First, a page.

The author would like to begin with a reflection which at first may appear rather disempowering yet, eventually might render otherwise. The conceptual act model considers the possibility of the unpredictability of conceptualization. Approaching conceptualization as sensory becoming strengthens the idea of the brain as prone to states of indetermination. This, consequently, sets limits on predicting the outcomes of the meaning making process―it is not always doable to foresee how external and/or internal sensations will become conceptualized. Since, conceptualization entails internal states and actions, it might be rather challenging to presume what internal states and actions will get engendered. Such realization highlights the limits of any educational efforts. Thus, educators should remain aware that the undertaken educational efforts may not result in the expected outcomes. Certainly, this is not to say that efforts should not be made. However, to recognize that what educators want to achieve might not be easily attainable, is to allow sensibly questioning the neo-liberal belief in “yes, we [always] can”―this time in the educational context. Striving for an inspiration for the pedagogical practices that aim to create critically-creative abilities among graduates, the author wants to stress that according to the conceptual act model, conceptualization is very individual and experience/existing conceptual knowledge plays crucial role in meaning making. With conceptualization approached as stratum, the idea of the “repetitive” brain does indeed become stronger. This may show that it is not easy for educators to challenge and alter the existing conceptual framework of students. However, the awareness that the process of making meaning heavily relies on the existing conceptual knowledge may facilitate determination of patterns of conceptualization. Though there is always a probability that certain sensations will become conceptualized in habitual/striated ways, there is also a possibility that meaning making of sensations will entail surprise of the brain (sensory becoming) and/or bring about new meaning (conceptual becoming) of given sensations. Therefore, determining or at least trying to make a cartography of an individual conceptual knowledge and patterns of an individual conceptualizations can facilitate actions directed at initiating novel meaning associated with a given internal and external input. Conceptualization can indeed be novel and may alter conceptual knowledge. To conceptualize internal and/or external input in a new way; to conjure new meaning is to create, so to say, new distribution throughout the brain’s modal systems; to create new “combination/configuration” of external and internal sensations (and actions); to create new conceptual knowledge for a given category that encompasses, to repeat briefly, properties, relations, rules, objects, setting, actions, words, events or internal states related to that category. As previously said, in the conceptual act model thinking, feeling and acting are strongly interconnected and their separateness seems to be highly questionable. To create new conceptualization; new meaning is to think, feel and act differently. As the author reads it, the conceptual act model allows and permits such possibility. As for Deleuze and Guattari, they claim that new meaning is probable if only one can experience/undergo/become conceptual becoming. How can then educators evoke conceptual becomings among students? How can they stimulate new conceptualizations? The answer is far from simple yet, let’s try to cogitate. It seems that incoming external sensations must be delivered in combinations different from those that students have; different from habitual combinations. It can be suggested that university teachers may try to challenge with their own actions and words e.g., the rules, relations and actions customarily related to a given category. They can also create events that bridge and expose students to e.g., words/objects/rules related to one category with actions related to another. Importantly, they can also try, though it is indisputably a very heavy and demanding task, to monitor conceptualization/meaning making of the internal sensations by addressing and talking about them. Educators simultaneously cannot and can predict (an educator’s paradox) what internal states and actions they may evoke, yet, they may hope that the created internal states and actions will follow new and daring paths forming new configurations; new conceptualizations. According to the conceptual act model conceptualization might be automatic or volitional. For Deleuze and Guattari conceptual becoming and striated forms can equally be automatic or volitional. If as educators we desire students’ conceptualizations, which are equal to conceptual becomings, to be automatic and volitional (affirming and confirming the creative potential of the embodied and embedded brain) then indeed stimulation of new conceptualizations (by manners suggested above) is indispensable. Though it is only a speculation-it can be assumed that once students commence forming new conceptualizations, the forthcoming encounters with any external and internal sensations will not be automatically and/or volitionally covered with the blanket of stratum. For Deleuze and Guattari constant “movement” of meaning is crucial. Securing the automatic and volitional logic of conceptualizations, equal to conceptual becomings, may simultaneously secure the desired “flow” of meaning. For Deleuze and Guattari sensory becoming facilitates the conceptual one. Importantly, their intertwinement is crucial as it stimulates the necessary fluctuations of meaning. If conceptualization is approached as sensory/conceptual becoming where the first facilitates the latter, then, to repeat briefly, it could be said that for the brain to create a novel meaning for a given external/internal input, it should initially experience a brief state of wonder, confusion and lack of meaning. Definitely, the above statement is simply a suggestion growing out of the theoretical experiment; yet, perhaps, worth trying. Notably, the forthcoming proposition is also a speculation yet, again, speculation, possibly, worth exploring. While aiming to stimulate conceptual becoming among students, an educator is challenging e.g., the rules, setting, relations and actions habitually related to a given category. She/he is creating situations and events that expose students to hybrids of concepts-adoring an embedded body-brain; sexual difference theory drives cars―let’s build one; affect and writing is my desired leg’s property. Yet, she/he could try to do it in such way as to first create a brief chaotic moment; unexpected moment; white noise; lack of meaning-a momentary vortex of possible; of indiscernibility. Let’s try: adoring, embedded, body, brain, sexual difference, car, building, affect, writing, desired, leg = Aebbsdcbawdl (i.e., a virtual dance of adoring, embedded, body, brain, sexual difference, car, building, affect, writing, desired, leg). It does not make sense… Oh so this could…―this is what an educator may like to hear and experience. Since the intertwinement of conceptual and sensory becoming is crucial; and since, to recall shortly, conceptualization approached as intertwinement of sensory and conceptual becoming allows seeing conceptualization as a state where new meaning is constantly engendered and the final/the only/the forever fixed meaning is postponed or never reached, then an educator could possibly make an effort to mobilize such intertwinement. The Aebbsdcbawdl (sensory becoming) becomes adoring an embedded body-brain or building cars driven by sexual difference theory or a writing, desirable and affective leg (conceptual becoming) to turn into Bbsdbaaewcdl (sensory becoming) to then jump into an affective body-brain; adoring and writing embedded sexual difference theory; legs, driving and building desirable cars (conceptual becoming). In this sense an educator may hope to activate thinking, feeling and acting that are always on the move, never finished, never taken for granted, and never believed in to be final, the only one or finite in their righteousness and certainty. Interestingly, as the author has previously speculated, to think about conceptualization as sensory becoming, is to envision it as a state where the meaning making of sensations might be temporarily suspended and as such it remains unknown what a given sensorial input is. This statement may put educators on guard mostly because wonder, surprise, suspension and lack of meaning might not be productive if endlessly prolonged. Sensory becoming facilitates conceptual one yet, it would be advisable that conceptual becoming does follow sensory becoming. Apparently, suspension and lack of meaning should turn into trembling territory of new meaning and sense. Conceptualization approached as intertwinement of sensory and conceptual becoming secures the rejuvenating movement of meaning and by doing so also prevents one from the slide into endless deterritorialization and indetermination. Let’s then mobilize intertwinements in our classrooms. However, let’s stimulate not only intertwinements of sensory and conceptual becoming, but also of sensory and conceptual becoming and stratum. It has previously been mentioned that for Deleuze and Guattari too much of indiscernibility and indetermination (sensory becoming), but also of novelty (conceptual becoming) might be unsustainable. If conceptualization is approached as an indispensable intertwinement of sensory and conceptual becoming and stratum, then how such intertwinement could be stimulated by educators? It seems possible to contend, though again it is only a suggestion in need of further reflection, that for conceptualization to become such an intertwinement an exposure to unknown external input; input that is simultaneously unknown and familiar; input that changes over quick succession of time from unknown to familiar and from familiar to unknown or input that may be associated with e.g., two opposite concepts might be applied. Furthermore, since conceptualization similarly to sensory and conceptual becoming can be volitionally monitored and since new meaning for external and internal sensory input can be volitionally created then indeed volitional actions might be encouraged and stimulated. Volitional actions that allow for a lack of meaning; enable to seek out new meaning of the same external/internal sensations; facilitate an exploration of a novel sense of unknown external/ internal sensations and finally make possible a striated, habitual form of thought to appear so that occurring encounters might be endured.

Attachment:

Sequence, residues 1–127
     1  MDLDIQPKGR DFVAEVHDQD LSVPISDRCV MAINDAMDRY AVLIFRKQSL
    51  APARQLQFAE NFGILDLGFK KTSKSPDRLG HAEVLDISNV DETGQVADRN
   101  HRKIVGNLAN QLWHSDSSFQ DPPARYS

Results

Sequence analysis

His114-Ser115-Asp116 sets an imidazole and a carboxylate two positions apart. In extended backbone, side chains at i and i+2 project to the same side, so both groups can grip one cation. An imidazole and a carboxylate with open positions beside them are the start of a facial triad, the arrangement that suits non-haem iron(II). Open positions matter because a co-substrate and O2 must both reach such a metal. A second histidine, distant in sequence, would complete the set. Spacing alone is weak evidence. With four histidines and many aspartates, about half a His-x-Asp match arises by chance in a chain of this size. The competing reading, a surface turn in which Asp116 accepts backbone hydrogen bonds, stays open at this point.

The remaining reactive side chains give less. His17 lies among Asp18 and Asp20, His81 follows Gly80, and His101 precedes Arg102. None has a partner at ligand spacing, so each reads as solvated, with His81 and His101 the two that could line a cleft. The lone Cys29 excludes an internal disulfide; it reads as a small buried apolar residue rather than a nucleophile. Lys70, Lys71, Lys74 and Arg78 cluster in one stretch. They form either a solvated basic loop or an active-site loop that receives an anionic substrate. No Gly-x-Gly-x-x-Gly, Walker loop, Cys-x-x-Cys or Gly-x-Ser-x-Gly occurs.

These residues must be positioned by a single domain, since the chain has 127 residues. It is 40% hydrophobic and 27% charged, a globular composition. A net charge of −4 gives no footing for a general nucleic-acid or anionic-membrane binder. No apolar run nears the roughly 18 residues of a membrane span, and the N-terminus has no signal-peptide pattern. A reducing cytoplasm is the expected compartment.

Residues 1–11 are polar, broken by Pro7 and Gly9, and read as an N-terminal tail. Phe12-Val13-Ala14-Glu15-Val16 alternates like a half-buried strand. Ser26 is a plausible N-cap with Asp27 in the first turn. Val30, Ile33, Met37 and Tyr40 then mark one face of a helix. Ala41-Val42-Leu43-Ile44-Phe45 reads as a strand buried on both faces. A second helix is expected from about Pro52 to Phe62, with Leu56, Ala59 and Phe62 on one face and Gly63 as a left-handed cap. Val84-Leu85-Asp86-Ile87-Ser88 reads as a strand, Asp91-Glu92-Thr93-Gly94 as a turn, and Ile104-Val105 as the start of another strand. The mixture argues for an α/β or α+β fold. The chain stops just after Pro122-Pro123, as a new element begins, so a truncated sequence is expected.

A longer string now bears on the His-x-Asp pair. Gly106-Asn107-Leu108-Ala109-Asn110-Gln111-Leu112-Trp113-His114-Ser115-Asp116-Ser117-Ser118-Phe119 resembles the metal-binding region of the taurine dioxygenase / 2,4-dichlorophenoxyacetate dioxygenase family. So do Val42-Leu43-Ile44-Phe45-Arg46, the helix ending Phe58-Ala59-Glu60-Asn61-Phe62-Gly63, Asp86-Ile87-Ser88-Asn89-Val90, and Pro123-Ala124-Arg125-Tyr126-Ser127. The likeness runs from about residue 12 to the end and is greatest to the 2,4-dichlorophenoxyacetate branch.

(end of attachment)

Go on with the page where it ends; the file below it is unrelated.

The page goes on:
As it has been stated at the beginning, it is essential that graduates are able to be self-/critical and creative. Though critical and creative abilities, especially in the learning context, constitute the ground for debates (e.g., Chapman & O’Neill, 2010; Biggs & Tang, 2007 ) in this article they are approached as a particular capacity to challenge, problematize and generate new meaning of experienced external and internal sensations including experience of emotions. Therefore, this text brings to the fore the theories that address meaning making processes and may inspire novel pedagogical undertakings, but also add to the ongoing theorizing of brain, body, mind and subject. To stimulate new pedagogical practices, which aim to generate self-/critically-creative abilities among students, and to contribute to the conceptualizing of brain, body, mind and subject, this article has proceeded experimentally by addressing and engendering encounters between a psychological constructionist account of the brain basis of emotion―the conceptual act model and the philosophical accounts of affect, concept and stratum proposed by Deleuze and Guattari. Those theories alone and once in an experiment highlight the logic behind meaning making processes that allows adding to the further theorizing of brain, body, mind and the human subject with the latter possibly theorized as unpredictable and yet, predictable, embodied, embedded, wondering, critical, creative, automatic and volitional in its thinking, feeling and acting, stubborn, full of potential, daring and yet, enduring and sustainable. The logic behind meaning making processes also allows suggesting that the human subject can conceptualize sensations in unpredictable ways; that individual experience matters once meaning is created; that it might be challenging to alter the existing conceptual frameworks yet, not utterly impossible; that it is probable to stimulate different ways of thinking, feeling and acting; that the elements of surprise and wonder may facilitate creation of a new meaning; that a new meaning can be constantly created; that meaning making can result in a continuous lack of meaning and, finally, that it is crucial to permit habitual ways of thinking for the sake of the sustainability of the subject. It is hoped that those findings can inspire pedagogical practices that aim to motivate critical and creative abilities among students; practices that will recognize their own limitations; practices that will be aware of the intertwinement of thinking, feeling and acting; practices striving to draw the cartographies of the students’ conceptual frameworks; practices that will make an effort to surprise and to make students wonder; practices that will allow meaning to tremble and to be on the move, meaning never believed to be final in its righteousness and certainty, but also practices that will guard students’ endurability and sustainability. Unquestionably, the author is aware of the vast theoretical planes on which various concepts of meaning making, emotions, cognition, affectivity, thinking, feeling, acting, teaching, learning, brain, mind, body and subject are placed and ceaselessly transformed. The author’s embodied and embedded conceptual voice enclosed in this article implicitly respects and explicitly attempts to contribute to the changing contours of the theoretical plateaus and their more than real implications.